You will never this read book. That’s right. You will never read this book. The reason has nothing to do with its quality but instead is attributable to the fact that it became nearly impossible to find shortly after publication. In fact, it is no exaggeration to say that I had to work harder to get my hands on a copy of R.B. Russell’s debut collection of short stories, Putting the Pieces in Place, then I have ever had to work to find any other book.
My initial interest in the book was a result of the praise heaped on it by two of my favorite book bloggers: Colin of Tales from the Black Abyss and Mihai of Dark Wolf’s Fantasy Reviews. Interest blossomed into a more pressing hunger after I finished reading Mr. Russell’s second book, Bloody Baudelaire (review here), which was excellent and stood out enough to make it onto my Top 5 Reads of 2009 list.
After months of searching every nook and cranny of the internet, I finally managed to find a copy of Putting the Pieces in Place. While it was definitely worth the wait and effort required to track down a copy, Bloody Baudelaire is the superior work in my opinion, which is good news for Mr. Russell’s potential readers since copies of the latter are still available.
Putting the Pieces in Place is a collection of five short stories. The first story, “Putting the Pieces in Place,” is the most conventional of the five and is more or less a traditional ghost story. It is the story of a man obsessed with collecting everything that has any connection with Emily Butler, a violinist who he clandestinely heard play one evening when he was young and who died tragically. The distinguishing characteristic of this story for me is the great gulf of melancholy that it leaves in its wake.
Next is “There’s Nothing That I Wouldn’t Do,” a disturbing tale about a young woman studying abroad and the consequences of her relative indifference towards a young man’s affections. This is probably the most straightforward story in the collection.
The next story, “In Hiding,” is my favorite of the five. In it, a British politician seeking refuge in a small Greek village from a scandal back home is invited to visit an island off the coast. While happy and tranquil on the surface, the two men he meets there are not what they initially seem. This is the most subtle and satisfying tale in the book and in several ways reminds me of the stories of Jean Ray.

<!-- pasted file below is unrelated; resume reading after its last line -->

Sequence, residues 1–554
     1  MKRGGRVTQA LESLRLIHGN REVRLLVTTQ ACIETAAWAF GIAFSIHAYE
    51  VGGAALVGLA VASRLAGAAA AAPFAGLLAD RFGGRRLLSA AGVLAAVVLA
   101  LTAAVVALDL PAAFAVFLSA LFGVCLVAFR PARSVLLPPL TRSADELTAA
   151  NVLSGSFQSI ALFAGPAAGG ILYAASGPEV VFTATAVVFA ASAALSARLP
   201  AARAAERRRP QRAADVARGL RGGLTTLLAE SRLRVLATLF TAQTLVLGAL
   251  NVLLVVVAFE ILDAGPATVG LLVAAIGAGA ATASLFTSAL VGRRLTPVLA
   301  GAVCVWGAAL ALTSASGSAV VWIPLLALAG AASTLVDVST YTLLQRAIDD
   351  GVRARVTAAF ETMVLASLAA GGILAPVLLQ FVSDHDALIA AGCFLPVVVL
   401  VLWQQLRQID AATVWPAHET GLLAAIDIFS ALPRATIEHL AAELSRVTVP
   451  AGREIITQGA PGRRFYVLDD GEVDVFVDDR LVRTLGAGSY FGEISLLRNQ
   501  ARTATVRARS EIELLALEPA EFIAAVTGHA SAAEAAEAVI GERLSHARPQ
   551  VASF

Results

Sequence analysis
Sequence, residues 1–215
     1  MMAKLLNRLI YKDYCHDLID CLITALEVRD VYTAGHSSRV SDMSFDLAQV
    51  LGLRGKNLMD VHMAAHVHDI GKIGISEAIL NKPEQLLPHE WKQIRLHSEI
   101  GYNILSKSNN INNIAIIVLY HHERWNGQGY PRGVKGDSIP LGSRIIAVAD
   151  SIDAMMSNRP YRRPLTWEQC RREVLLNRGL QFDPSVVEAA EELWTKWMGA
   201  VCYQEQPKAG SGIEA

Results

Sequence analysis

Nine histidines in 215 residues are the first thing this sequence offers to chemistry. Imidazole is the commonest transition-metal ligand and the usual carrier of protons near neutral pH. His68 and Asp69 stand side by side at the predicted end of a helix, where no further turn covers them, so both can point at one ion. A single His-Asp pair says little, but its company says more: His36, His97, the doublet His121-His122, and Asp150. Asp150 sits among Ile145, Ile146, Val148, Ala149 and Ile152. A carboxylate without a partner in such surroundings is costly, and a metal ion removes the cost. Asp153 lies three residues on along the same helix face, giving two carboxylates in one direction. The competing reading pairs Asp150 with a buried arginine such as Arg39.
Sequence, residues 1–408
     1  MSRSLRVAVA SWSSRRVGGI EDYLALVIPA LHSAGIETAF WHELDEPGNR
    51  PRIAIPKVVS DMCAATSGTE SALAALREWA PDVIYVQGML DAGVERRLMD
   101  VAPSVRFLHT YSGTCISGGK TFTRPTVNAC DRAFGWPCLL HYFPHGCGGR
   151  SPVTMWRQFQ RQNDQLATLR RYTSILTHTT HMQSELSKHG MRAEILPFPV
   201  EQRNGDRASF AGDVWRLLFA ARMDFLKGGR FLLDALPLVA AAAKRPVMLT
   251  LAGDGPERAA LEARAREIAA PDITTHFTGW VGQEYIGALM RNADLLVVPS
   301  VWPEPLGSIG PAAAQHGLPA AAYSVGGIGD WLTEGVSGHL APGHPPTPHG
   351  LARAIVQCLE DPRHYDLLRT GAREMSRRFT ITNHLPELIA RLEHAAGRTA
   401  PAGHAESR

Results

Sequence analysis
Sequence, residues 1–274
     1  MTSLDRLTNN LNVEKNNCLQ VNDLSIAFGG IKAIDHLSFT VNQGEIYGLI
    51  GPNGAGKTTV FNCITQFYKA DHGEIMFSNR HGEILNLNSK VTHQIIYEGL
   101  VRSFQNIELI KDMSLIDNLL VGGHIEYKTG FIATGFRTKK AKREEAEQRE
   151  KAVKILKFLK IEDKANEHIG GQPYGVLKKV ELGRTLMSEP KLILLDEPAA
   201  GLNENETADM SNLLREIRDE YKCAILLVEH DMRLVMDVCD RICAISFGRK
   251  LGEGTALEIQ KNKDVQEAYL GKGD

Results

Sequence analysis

“Eleanor” is my least favorite in the collection. An elderly author and creator of a famous science fiction character encounters her at a science fiction convention.
In the final story, “Dispossessed,” a young woman finds herself without a place to live when the elderly woman she cares for dies. As she is about to leave, a member of the family informs her that he owns some apartments and that she is welcome to stay in one of them until she finds her bearings. What follows is a series of creepy and ultimately violent events.
The hallmark of these stories is their subtlety. The best of them embed a grain of quiet unease in the reader which swells as each story progresses. Mr. Russell, more so than most authors of horror and the strange tale, knows that the greatest source of unease isn’t necessarily the obviously odd or frightening, but is often the slow weirdness that can creep into a conversation that is slightly off kilter or the wanderings of the mind and feelings of a character who lacks direction. Putting the Pieces in Place is a wonderful debut from an author who is among those leading the way in blending horror and the strange tale. I prefer his second book to this collection only because Bloody Baudelaire contains a sense of atmosphere and layers of tension that Putting the Pieces in Place does not.
The True First
Putting The Pieces in Place was first published by Ex Occidente Press in January of 2009. There were only 400 copies made and good luck finding one of them! However, as I said above, copies of Bloody Baudelaire are still floating around and Mr. Russell also has a forthcoming collection being published by PS Publishing in the not too distant future.
[This review was not based on a review copy]